Populist referendum: Was 'Brexit' an expression of nativist and anti-elitist sentiment?

Evgeniia Iakhnis, Brian Rathbun, Jason Reifler, Thomas J. Scotto

Research output: Contribution to journalArticlepeer-review

17 Citations (Scopus)
22 Downloads (Pure)


Was the outcome of the United Kingdom’s ‘Brexit’ referendum to leave the European Union a visible and consequential manifestation of right-wing populism? After all, skepticism in the UK towards the EU predates the recent rise of European right wing populism. Original survey data show, however, that the interaction of nativist sentiment and anti-elitist attitudes, the cocktail of right-wing populism, led to widespread support for Brexit, even while controlling for other factors. Although hostility to immigrants was an important factor, nativists were particularly prone to vote ‘leave’; if they also did not trust political elites, a crucial element of populism. Further underscoring this explanation is the conditional effect of anti-elite sentiment. The relationship between anti-elite sentiment and support for leaving the EU only exists among those with high nativist sentiment; among those low in nativist sentiment, anti-elite feelings did not increase support for Brexit.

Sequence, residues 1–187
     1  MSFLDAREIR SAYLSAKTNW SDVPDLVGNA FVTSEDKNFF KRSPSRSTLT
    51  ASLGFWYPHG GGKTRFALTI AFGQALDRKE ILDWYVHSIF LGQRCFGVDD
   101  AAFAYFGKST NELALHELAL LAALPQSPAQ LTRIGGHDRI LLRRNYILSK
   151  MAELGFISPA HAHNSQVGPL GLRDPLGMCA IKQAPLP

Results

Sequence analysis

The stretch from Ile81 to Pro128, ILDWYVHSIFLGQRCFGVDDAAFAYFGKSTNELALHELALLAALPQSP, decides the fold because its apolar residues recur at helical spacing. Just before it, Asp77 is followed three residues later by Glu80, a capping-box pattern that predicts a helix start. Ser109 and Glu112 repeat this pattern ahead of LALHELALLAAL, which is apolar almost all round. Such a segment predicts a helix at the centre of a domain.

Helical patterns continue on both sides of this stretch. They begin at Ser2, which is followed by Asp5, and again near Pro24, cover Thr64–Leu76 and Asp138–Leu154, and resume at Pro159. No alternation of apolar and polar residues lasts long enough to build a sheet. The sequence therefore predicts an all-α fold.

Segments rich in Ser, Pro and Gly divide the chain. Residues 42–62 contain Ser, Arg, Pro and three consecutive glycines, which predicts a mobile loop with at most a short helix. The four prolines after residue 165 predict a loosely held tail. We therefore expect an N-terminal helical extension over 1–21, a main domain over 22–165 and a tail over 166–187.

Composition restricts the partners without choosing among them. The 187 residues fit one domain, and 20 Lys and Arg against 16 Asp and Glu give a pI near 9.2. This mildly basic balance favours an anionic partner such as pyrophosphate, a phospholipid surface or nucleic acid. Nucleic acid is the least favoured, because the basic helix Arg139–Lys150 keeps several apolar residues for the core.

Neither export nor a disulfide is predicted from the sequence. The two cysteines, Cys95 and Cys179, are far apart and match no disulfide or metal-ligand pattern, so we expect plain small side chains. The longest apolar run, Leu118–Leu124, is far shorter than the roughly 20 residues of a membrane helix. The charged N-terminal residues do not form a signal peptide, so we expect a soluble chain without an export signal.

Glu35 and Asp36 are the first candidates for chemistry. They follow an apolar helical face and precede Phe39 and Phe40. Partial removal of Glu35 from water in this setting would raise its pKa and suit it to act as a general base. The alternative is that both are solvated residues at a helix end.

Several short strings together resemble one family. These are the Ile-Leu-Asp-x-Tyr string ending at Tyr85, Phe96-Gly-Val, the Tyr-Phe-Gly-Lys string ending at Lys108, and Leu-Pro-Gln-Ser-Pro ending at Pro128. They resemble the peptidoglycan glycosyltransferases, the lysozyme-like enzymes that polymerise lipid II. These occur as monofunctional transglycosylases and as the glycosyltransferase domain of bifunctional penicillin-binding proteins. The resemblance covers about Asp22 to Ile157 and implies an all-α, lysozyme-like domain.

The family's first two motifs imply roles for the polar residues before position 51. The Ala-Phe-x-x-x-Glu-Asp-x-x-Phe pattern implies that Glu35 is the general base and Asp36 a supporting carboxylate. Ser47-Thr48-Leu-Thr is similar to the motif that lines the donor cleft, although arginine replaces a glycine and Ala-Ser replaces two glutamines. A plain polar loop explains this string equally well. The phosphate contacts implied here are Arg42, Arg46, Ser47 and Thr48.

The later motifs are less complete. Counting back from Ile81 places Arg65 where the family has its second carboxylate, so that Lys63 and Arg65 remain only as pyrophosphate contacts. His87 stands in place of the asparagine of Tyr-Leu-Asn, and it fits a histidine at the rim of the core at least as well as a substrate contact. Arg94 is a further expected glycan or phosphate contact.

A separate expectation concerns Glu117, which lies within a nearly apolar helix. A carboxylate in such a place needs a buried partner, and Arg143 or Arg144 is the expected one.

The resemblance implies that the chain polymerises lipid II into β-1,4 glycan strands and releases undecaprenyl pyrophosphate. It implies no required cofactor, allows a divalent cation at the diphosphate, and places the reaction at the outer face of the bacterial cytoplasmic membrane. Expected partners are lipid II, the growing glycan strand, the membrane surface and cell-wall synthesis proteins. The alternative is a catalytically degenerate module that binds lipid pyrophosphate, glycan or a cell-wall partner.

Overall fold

Original languageEnglish
Article number1
Pages (from-to)1-7
Number of pages7
JournalResearch and Politics
Issue number2
Publication statusPublished - 23 May 2018


  • Brexit
  • populism
  • public opinion
  • referendum voting


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